One of the most frequent complaints we hear from practices is that they feel like they’re chasing leads. Where the lead comes from doesn’t matter, and yes, it stings more when a paid lead has gone dark on you. The underlying issue is that qualified leads initially showed interest but have since become unresponsive. It’s frustrating.
Does this sound familiar?
People want their privacy and will only discuss a subject when it’s convenient for them. Time and time again, we’ve interviewed “lost prospects” and heard the same response – it wasn’t convenient when the practice called me back.
Let’s examine incoming calls to your practice, and more specifically, when those calls arrive. Prospects that call are interested now, have time to talk, and have taken the next step in their buyer’s journey by calling your practice.
To gather the data, we utilized incoming call phone records spanning from January 1, 2023, to September 1, 2023. A total of 20 clinics were included in this report. Our objective was to attain deeper insights into the timing of calls received at the office, ultimately helping the clinics connect with more prospects
For simplicity, we omitted the calls that came into the office between the hours of 9 p.m. and 7 a.m., leaving us with an hourly incoming call “five-thousand-foot view”.
As you can see from the chart above, the majority of the phone calls are coming in during the traditional office hours of 9 a.m. – 5 p.m. In total, we found 80.5% of all calls came in during those hours. Mornings received fewer calls than the afternoon, but it’s crystal clear that the vast majority of calls begin to arrive at 8 a.m. and go strong until 8 p.m.
For non-traditional office hours, defined as 8 a.m. through 8:59 a.m. and also 5:01 p.m. through 7:59 p.m., a total of 18.3% of the calls were received. In almost all instances, the calls went to voicemail (less than one-minute conversations).
That leaves you with only one option – return the call when the office is staffed again.
Unless you’re using a live answering service, it’s unlikely that anyone is answering calls before your office opens, which is fine, as answering services will only take a message for you.
If our survey showed single-digit percentages, this wouldn’t require much additional thought from you, but we’re talking about almost one-fifth of your callers are almost certainly going to an answering machine.
Studies and industry data have consistently shown that the chances of successfully closing a lead decrease when you have to call them back after they’ve left a voicemail message. Here’s a general idea of how this can impact lead conversion rates:
- Immediate Live Interaction: When a prospective client calls and speaks directly to a live representative or healthcare provider, the chances of successfully converting that lead into a patient are at their highest. This immediate interaction allows you to address their questions, build trust, and guide them through the next steps in the process.
- Prompt Response to Voicemail: If a lead leaves a voicemail message and you respond to it promptly (ideally within the same business day), you still have a good chance of converting the lead. However, the conversion rate may not be as high as with immediate live interaction.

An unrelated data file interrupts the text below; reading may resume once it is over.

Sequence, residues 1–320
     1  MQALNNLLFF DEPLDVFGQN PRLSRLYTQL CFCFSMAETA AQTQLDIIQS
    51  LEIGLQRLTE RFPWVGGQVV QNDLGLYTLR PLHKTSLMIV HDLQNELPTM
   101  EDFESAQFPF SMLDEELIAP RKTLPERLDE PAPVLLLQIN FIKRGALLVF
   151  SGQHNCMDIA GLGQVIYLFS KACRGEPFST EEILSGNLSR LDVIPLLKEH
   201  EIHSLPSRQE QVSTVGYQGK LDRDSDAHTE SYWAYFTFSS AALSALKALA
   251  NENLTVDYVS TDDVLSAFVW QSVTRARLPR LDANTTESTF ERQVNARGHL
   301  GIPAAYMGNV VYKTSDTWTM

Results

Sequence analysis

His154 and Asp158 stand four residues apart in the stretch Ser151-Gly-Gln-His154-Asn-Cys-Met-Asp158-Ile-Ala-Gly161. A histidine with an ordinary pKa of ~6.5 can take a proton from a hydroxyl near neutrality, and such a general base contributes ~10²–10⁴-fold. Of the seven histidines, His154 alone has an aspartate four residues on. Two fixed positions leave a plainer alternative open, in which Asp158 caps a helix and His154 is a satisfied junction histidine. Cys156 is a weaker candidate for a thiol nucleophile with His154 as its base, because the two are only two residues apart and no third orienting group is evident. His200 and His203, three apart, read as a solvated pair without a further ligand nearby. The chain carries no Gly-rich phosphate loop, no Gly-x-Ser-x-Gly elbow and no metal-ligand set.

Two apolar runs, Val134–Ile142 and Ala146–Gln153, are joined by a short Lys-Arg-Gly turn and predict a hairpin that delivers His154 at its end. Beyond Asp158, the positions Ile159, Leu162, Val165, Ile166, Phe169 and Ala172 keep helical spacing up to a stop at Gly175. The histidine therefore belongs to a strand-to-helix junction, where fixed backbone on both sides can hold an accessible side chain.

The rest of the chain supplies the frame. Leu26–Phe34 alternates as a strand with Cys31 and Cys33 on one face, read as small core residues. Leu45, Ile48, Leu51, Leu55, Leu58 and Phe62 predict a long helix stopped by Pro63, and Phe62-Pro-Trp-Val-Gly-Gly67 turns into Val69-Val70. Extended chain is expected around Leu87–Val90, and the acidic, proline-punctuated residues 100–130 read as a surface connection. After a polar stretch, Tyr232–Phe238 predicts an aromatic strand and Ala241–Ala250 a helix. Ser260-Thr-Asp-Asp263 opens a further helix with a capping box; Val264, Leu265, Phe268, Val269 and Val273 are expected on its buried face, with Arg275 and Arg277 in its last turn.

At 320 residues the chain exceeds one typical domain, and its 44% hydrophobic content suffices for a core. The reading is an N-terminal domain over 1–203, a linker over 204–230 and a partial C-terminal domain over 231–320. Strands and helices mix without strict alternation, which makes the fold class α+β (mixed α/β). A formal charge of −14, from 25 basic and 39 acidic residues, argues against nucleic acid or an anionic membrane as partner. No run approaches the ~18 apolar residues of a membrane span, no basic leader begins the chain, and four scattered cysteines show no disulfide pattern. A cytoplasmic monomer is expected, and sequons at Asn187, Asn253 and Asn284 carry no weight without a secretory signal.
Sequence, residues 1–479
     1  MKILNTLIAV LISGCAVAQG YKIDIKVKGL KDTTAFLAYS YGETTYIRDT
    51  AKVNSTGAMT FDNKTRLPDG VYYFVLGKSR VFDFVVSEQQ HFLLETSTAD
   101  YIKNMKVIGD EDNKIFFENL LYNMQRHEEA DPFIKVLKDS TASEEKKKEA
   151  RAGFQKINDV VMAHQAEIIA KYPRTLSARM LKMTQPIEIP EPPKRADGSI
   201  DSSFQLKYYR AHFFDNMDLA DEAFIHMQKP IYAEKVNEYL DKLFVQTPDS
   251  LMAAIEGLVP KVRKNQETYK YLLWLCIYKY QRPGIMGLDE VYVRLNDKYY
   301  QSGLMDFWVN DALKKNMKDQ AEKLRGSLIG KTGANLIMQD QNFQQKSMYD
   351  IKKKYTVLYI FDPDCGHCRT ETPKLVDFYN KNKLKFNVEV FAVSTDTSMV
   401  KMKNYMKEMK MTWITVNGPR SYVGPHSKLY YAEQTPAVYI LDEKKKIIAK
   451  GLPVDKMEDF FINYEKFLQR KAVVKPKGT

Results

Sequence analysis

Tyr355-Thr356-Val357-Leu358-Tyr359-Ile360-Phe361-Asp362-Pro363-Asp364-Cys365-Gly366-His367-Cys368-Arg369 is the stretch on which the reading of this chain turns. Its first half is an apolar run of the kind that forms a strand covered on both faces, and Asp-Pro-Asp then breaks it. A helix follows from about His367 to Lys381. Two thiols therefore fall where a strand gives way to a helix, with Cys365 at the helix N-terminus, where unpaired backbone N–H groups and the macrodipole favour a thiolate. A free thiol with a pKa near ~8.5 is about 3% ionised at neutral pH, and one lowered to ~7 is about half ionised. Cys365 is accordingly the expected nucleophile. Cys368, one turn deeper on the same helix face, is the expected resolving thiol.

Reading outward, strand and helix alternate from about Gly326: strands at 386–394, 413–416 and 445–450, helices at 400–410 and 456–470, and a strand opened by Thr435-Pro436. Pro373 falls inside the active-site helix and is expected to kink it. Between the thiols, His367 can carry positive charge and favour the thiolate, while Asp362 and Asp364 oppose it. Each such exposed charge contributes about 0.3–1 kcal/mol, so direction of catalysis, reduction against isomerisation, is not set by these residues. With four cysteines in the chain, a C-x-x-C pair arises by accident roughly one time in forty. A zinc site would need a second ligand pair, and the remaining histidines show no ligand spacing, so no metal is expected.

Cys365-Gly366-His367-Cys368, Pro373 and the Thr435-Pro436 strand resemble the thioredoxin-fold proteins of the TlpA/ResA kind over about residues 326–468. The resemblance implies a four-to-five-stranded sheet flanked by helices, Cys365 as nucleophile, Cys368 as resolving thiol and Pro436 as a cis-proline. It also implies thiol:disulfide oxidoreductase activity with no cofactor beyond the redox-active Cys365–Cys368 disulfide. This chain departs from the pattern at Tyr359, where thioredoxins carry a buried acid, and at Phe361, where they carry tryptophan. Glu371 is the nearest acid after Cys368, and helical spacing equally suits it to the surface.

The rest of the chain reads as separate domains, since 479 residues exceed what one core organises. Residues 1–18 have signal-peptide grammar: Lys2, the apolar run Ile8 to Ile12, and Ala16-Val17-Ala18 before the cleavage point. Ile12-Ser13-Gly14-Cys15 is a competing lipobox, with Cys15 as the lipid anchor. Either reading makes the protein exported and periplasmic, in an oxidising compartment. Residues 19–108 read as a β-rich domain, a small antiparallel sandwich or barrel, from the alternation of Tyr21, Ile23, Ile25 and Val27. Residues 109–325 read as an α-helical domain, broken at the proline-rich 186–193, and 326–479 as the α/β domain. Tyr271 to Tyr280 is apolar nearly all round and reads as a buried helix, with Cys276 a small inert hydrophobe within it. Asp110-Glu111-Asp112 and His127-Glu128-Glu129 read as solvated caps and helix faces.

- Delayed Response to Voicemail: If you delay in returning the voicemail message by a day or more, the chances of converting the lead decrease significantly. Prospective patients might lose interest, seek services elsewhere, or perceive a lack of attentiveness from your clinic.
While specific statistics may vary depending on the industry and the nature of the service, it’s widely understood that the sooner you can respond to leads who have reached out via voicemail, the better your chances of successfully converting them into clients or patients.
It is not our intention to suggest you rearrange your staff working hours, but more so to bring attention to why you feel you may be chasing leads. Even though they’re on the phone now, the majority of prospects are still reluctant to take the next step. And if you make them wait, they’ll move on to the next listing in Google.
Smart automation has proven time and time again to help bridge the gap between the patient and your office. Once you know your audience and have defined your practice’s “tone,” make sure any and all outbound communication mimics how your office would sound if you met the prospect in person or spoke to someone over the phone.
Additionally, it’s always a good idea to monitor your practice’s incoming call times and make sure you’re staffed accordingly. For some practices, we’ve found that lunch breaks for the staff start as early as 12 p.m. and seem to wrap up around 2 p.m. We can identify this because more calls went to answering machines or voicemail during this time, second only to calls received between 8 a.m. to 8:59 a.m. and again between 5 p.m. to 7:59 p.m.
If your clinic is looking to dominate in your market, or, if you need help with automating portions of the sales process, I encourage you to reach out by using the link below.